Sometimes we just don’t give our people enough credit, and those are most probably the times when it is really about not trusting ourselves. Maybe it feels safer to take care of it ourselves, rather than risk the vulnerability of rejection or judgement. Here’s a story about a a time when I opted for vulnerability instead of safety.
We were driving home from a funeral, my Dad and I. Each time someone in Pennsylvania has a noteworthy life event, some branch of the New England contingent rallies to represent. It was my turn. I actually was grateful for the road trip … I miss driving to Grandma’s house for all the things it evokes. Before iPods and on-board video screens, the car was the place where you had to just BE with each other. And at the end of the trip, there would always be sticky buns and unconditional love. And now that Dad is getting older, we actually get to stop for a pee break, so there’s that.
I waited until I was driving, so I had his good ear. I took a deep breath. I said “Dad, I need to talk about some stuff for a few minutes, and it is really hard to get out. So I’m going to ask you to just listen until I am done.” I’ve learned a lot about humility from my Dad. He brought that out in this moment and created a space in between us where any words were allowed. So I spilled my words, about my affair, the problems in my marriage, the things I loved so dearly about my marriage, the shame I felt about jeopardizing my family’s well being, how great it felt to be in love, the joy of discovering that, for me, there might be another way of living, and the shock of discovering this. He waited patiently until I was done. (I’m lousy at doing that.) And then when he was sure I had sufficiently emptied, he took his turn.
He had both no room for shame, and a genuine understanding that there was no avoiding it. He talked about regret. He talked about his understanding of human nature. He offered me unconditional acceptance for my mistakes, my coming out, my struggles. He stated some truths about his understanding of the world at large, relationships in general, and my situation specifically that were so wise, and yet guarded that I never would have gotten these nuggets without first exposing myself. He’d have assumed I could take care of myself on my own.
That’s the positive part of this experience for me… that I asked to be heard, and in response got to hear exactly what I was struggling to discover on my own. If I’d kept my struggles to myself, I’d have missed the opportunity for his insights. And they were beautiful insights, based on years of making his own journey full of mistakes and rewards, regrets and appreciations. What strikes me as the most beautiful, and yet somehow sad, part of our conversation that day was the communion I felt with him.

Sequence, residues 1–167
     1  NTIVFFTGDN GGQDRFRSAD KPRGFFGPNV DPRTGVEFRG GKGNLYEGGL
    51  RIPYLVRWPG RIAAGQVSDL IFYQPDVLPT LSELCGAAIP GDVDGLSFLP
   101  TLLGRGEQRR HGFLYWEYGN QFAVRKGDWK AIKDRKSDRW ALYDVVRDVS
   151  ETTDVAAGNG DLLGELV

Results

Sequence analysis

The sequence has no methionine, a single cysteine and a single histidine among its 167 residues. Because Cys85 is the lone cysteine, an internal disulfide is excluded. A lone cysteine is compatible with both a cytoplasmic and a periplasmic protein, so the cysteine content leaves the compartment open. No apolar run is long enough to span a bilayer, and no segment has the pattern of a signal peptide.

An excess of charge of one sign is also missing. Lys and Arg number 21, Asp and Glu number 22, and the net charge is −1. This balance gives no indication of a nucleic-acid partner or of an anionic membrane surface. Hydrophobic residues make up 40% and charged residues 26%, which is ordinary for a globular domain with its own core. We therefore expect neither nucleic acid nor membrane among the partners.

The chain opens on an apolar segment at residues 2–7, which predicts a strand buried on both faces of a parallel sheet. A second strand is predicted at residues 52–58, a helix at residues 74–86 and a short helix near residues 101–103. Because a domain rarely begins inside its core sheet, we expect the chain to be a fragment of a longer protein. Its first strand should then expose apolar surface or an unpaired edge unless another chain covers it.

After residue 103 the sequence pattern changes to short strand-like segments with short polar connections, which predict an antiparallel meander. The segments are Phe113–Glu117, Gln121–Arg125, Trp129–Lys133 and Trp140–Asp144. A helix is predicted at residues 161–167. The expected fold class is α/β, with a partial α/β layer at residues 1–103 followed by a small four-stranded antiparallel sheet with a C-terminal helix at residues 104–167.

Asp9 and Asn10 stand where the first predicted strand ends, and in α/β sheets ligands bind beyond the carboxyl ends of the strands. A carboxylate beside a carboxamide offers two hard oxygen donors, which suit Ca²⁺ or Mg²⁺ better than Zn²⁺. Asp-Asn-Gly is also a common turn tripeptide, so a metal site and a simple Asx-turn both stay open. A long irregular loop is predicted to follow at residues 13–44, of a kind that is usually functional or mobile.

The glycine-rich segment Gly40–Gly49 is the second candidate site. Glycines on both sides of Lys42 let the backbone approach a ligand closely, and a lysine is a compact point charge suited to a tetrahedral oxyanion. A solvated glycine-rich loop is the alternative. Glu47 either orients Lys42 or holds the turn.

See, I’m kind of a know-it-all, and as I mentioned, Dad has this non-intrusive humility that means that he listens patiently to my life stories, braggings, and justifications, but he rarely interjects his belief system directly. Here I was struggling with accepting my own newly discovered definitions for love, family, trust and ethical behavior, only to find out that I was fairly well in alignment with what he would have told me directly years ago if I’d only asked.
I think about that a lot as my children enter the age where they have to manifest their own life paths and relationships. Do I stand back and let them discover their own philosophies? Do I suggest methodologies that work for me? Do I simply lead by example, not prescribing MY method, but showing what it looks like to live authentic to ME, so that they can grant themselves permission to do the same for themselves. What I do know, is that it is about connection. It is not good enough to just offer some DNA, food and shelter and let our children grow as they will. Yet it is also not about molding them into some preconceived notion of what is “right.” It is about listening, seeing, connecting, helping with the weeding when necessary, but supporting them in their growth.
It’s about acceptance, and forgiveness, and love. It’s about knowing its a journey, and for me, the journey is easier with connections. And real connections, that takes vulnerability.